Earl Morgan Savage and his camera
The Earl Morgan Savage Photograph Collection was donated to the Special Collections unit of the Lakeland Public Library by one of his relatives. The provenance of this collection is unknown. A note accompanying the donation indicates that the photographs were donated to the library by a niece or nephew.
Savage is something of a mystery in early twentieth century Lakeland. He briefly owned a photography shop in the Vanity Fair Arcade on South Tennessee Avenue in the mid-1920's. By 1926, however, he was gone, apparently to Tampa. He left behind a wonderful collection of photographs of mid-1920's Lakeland at the height of the Florida land boom. His photos are are of a very specific area of the city, the downtown business district. Savage did not wander too far from his shop in the Vanity Fair Arcade, as most of the photographs of Lakeland are of the downtown area immediately adjacent to the Arcade.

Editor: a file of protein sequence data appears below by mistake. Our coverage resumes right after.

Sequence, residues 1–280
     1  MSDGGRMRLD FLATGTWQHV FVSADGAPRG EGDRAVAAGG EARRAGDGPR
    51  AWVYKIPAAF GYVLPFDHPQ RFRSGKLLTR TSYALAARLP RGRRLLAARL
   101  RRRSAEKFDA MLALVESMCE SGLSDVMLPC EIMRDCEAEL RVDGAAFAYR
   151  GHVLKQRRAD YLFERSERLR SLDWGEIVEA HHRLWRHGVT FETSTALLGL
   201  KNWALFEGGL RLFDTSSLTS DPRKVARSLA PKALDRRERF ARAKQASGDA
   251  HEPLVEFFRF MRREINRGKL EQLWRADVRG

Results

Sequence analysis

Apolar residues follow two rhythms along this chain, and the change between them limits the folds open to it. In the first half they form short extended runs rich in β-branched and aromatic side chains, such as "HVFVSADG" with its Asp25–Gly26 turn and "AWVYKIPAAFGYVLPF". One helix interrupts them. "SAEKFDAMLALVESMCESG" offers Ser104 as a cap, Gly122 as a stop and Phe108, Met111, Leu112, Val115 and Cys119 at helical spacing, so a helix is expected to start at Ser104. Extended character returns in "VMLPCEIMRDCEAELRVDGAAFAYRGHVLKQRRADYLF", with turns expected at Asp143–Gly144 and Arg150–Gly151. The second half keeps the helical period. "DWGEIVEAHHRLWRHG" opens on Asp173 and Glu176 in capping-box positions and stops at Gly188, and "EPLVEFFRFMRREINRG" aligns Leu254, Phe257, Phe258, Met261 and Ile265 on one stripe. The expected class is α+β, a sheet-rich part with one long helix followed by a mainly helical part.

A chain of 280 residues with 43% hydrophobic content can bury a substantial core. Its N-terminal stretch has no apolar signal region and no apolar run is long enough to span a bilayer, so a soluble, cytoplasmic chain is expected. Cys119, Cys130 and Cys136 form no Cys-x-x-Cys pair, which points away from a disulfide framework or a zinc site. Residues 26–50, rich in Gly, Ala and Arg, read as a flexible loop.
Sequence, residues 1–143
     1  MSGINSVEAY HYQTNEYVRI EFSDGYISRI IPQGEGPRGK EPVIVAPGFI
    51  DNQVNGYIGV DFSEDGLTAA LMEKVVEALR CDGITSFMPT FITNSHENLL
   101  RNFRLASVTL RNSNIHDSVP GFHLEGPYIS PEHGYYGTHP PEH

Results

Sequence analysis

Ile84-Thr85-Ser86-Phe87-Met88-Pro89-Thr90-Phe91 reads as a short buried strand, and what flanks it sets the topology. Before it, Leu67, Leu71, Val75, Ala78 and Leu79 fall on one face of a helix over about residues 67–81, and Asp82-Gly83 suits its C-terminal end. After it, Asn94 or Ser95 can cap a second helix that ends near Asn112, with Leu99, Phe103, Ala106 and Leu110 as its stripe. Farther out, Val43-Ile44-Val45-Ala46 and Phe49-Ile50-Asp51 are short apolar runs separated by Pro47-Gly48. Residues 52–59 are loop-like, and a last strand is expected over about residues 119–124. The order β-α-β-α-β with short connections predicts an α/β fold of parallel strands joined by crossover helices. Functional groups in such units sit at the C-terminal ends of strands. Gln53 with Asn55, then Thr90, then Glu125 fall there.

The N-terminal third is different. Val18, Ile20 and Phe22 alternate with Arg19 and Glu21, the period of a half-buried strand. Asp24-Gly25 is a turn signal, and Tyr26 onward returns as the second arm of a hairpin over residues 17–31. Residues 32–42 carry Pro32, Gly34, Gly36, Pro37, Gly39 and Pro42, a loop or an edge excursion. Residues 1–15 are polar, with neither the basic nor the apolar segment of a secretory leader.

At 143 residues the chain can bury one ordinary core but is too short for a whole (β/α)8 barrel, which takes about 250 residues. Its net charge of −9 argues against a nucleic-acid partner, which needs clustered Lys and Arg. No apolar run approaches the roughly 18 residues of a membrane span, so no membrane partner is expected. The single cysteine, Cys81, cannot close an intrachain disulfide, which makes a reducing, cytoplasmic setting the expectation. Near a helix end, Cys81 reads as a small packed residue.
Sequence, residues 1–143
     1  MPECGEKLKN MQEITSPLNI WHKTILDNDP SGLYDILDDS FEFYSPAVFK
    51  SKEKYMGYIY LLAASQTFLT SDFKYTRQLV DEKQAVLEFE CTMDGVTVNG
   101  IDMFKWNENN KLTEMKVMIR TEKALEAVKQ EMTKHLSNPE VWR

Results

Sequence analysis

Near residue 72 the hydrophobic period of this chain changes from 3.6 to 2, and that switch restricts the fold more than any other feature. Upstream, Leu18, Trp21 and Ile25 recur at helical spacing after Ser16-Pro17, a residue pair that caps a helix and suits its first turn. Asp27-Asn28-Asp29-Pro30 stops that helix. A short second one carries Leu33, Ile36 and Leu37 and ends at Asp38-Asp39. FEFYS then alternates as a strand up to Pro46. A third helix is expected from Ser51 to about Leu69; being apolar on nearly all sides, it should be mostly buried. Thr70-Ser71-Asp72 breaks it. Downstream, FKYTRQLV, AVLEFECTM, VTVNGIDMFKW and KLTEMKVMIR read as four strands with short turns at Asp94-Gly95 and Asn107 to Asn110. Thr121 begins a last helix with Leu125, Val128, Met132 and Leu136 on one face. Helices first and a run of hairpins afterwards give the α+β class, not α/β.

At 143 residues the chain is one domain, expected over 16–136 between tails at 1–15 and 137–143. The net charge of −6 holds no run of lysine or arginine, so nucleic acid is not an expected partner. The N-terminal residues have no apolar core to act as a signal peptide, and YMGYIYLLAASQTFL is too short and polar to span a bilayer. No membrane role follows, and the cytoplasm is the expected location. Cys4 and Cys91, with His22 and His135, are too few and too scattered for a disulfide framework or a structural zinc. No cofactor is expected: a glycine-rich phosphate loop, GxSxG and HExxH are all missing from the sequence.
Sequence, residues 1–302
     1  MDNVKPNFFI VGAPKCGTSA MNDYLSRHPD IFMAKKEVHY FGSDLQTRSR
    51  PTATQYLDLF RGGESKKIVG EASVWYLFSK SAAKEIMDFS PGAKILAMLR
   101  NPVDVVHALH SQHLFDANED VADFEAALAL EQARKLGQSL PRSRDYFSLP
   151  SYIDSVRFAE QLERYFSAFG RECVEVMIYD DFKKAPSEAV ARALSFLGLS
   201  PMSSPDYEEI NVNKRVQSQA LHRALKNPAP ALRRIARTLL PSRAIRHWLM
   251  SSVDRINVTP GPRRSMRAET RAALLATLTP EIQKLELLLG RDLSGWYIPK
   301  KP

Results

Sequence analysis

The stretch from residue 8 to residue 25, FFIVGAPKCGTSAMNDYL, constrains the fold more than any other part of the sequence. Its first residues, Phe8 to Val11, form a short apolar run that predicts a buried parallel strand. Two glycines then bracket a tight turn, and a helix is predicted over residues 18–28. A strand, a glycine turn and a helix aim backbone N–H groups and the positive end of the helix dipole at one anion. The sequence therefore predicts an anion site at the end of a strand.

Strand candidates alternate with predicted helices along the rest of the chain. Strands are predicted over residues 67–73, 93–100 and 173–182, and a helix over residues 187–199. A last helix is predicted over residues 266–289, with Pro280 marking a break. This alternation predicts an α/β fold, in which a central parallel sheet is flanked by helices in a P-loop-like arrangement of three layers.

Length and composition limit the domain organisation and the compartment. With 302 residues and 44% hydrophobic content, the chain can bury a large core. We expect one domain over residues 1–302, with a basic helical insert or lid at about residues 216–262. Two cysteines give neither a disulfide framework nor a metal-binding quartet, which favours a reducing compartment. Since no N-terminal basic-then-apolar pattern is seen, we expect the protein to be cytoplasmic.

The photographs are undated, but there is in the collection a photograph of the Lakeland Terrace Hotel under construction. In addition, some of the photographs of other buildings and street scenes show the Terrace under construction in the background, while others show the completed structure. Since construction on the hotel began in early 1924 and was largely completed by the end of the year, the photographs can be dated to that time period.
Savage and his camera captured the hustle and bustle of Lakeland' business district during boom times, with images of banks, shoppers walking along busy city streets, and the construction of the Terrace Hotel, the city's first high rise building. He also saw through his camera lens the Prohibition Era, as depicted in photographs of the city's police chief destroying confiscated liquor on the city hall steps.
Follow the links below to see glimpses of Earl Morgan Savage's Lakeland of the mid-1920's, a time when prosperity and opportunity seemed limitless and economic depression impossible.